Introducing water frogs - Is there a risk for indigenous species in France?

  • Schmeller D
  • Pagano A
  • Plénet S
 et al. 
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Abstract

The ecological success of introduced species in their new environments is difficult to predict. Recently, the water frog species Rana ridibunda has raised interest, as different genetic lineages were introduced to various European countries. The aim of the present study was to analyze the potential invasiveness of R. ridibunda and assess the risk of replacement for indigenous water frog species. The investigation of over 700 water frogs from 22 locations in southern France and four locations in Spain shows that the competition with indigenous species is mainly limited to a particular habitat type, characterized by high-oxygen and low-salinity freshwater. The competitive strength of R. ridibunda may be related to a higher growth rate and longevity as compared to the indigenous species R. grafi and R. perezi. Our data suggest that R. ridibunda is a risk to the diversity of indigenous water frog assemblages in France. Future monitoring needs to clarify the distribution of R. ridibunda, its ecological niche, and the risk status for indigenous water frog species. To cite this article: D.S. Schmeller et al., C. R. Biologies 330 (2007). © 2007 Académie des sciences.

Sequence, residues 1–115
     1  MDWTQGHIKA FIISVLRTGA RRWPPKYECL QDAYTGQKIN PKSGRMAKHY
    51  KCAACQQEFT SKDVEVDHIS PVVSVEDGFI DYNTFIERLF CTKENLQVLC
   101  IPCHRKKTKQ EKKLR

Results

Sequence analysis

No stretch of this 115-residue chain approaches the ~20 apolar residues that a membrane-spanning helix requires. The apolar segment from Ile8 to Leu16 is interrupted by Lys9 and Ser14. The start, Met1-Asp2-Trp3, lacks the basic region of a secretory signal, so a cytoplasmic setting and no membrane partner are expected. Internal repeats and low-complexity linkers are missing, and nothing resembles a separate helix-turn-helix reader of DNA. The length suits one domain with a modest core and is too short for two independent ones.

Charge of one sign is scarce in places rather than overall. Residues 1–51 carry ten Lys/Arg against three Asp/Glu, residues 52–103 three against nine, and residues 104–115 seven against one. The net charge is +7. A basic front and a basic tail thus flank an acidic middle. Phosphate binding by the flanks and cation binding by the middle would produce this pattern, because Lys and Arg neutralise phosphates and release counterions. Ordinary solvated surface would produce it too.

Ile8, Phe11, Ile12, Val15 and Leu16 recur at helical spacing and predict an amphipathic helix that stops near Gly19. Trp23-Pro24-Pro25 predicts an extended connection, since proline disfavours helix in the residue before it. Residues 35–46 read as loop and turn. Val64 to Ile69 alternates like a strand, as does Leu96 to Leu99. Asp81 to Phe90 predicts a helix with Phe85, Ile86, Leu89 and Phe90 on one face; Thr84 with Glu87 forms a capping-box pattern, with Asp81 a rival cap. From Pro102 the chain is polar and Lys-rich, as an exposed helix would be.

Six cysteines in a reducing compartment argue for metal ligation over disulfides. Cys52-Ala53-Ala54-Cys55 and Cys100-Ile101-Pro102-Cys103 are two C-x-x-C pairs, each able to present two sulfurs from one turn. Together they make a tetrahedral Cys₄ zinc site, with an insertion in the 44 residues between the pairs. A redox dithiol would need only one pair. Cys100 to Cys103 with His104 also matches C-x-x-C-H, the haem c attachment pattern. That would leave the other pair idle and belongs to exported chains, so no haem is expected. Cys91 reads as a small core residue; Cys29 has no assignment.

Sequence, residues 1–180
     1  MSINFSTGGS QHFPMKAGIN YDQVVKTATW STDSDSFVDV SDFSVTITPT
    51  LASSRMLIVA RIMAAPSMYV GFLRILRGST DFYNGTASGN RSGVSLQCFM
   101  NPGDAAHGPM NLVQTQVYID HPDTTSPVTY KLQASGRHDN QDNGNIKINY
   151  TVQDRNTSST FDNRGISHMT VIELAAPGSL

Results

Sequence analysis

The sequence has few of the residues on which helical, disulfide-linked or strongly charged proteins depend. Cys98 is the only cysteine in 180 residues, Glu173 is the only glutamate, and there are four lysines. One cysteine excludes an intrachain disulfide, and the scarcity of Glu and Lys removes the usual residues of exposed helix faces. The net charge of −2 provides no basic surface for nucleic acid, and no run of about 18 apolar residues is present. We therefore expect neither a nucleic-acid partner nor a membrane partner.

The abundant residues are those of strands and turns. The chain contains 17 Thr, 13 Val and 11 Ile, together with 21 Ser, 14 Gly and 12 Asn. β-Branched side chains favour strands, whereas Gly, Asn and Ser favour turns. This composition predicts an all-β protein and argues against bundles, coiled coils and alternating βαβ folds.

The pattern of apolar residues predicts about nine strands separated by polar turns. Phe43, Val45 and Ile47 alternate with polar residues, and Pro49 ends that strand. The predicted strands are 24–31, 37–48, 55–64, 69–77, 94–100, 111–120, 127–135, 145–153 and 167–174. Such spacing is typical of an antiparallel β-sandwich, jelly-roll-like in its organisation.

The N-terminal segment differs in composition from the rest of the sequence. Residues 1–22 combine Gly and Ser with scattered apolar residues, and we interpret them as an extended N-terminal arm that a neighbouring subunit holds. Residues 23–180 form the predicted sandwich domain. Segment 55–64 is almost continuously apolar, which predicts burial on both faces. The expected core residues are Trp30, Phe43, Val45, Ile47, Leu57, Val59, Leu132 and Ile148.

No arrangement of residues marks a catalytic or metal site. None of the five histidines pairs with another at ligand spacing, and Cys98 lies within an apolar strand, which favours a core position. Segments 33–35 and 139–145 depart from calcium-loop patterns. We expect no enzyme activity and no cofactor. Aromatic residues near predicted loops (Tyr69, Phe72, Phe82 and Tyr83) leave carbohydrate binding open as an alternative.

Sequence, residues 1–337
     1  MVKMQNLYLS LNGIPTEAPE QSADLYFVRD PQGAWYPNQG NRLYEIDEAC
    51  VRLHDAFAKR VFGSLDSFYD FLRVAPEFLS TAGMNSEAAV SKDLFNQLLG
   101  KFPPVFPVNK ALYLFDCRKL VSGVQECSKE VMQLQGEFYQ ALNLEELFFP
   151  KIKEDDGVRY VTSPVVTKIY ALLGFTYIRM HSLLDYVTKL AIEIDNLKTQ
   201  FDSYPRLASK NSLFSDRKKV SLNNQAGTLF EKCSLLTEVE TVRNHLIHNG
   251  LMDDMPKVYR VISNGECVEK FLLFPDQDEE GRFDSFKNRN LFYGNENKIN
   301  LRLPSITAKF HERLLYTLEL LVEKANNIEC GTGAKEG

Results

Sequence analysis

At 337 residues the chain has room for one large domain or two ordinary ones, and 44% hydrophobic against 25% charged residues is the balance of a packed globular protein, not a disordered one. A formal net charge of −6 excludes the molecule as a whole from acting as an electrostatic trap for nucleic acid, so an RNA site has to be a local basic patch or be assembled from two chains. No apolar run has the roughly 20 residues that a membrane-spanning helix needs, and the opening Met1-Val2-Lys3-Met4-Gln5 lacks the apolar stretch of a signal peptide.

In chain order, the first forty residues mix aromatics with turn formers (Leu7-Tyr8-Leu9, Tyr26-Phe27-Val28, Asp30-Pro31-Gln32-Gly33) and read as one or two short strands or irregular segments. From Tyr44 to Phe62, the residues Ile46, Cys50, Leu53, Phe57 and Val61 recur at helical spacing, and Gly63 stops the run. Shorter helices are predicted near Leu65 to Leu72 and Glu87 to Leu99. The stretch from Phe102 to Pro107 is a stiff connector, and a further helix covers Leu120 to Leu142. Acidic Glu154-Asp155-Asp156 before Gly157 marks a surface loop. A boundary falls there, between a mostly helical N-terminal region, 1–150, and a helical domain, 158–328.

Author-supplied keywords

  • Hybridogenesis
  • Introduced species
  • Rana ridibunda
  • Replacement
  • Western Palearctic water frogs

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Authors

  • Dirk S. Schmeller

  • Alain Pagano

  • Sandrine Plénet

  • Michael Veith

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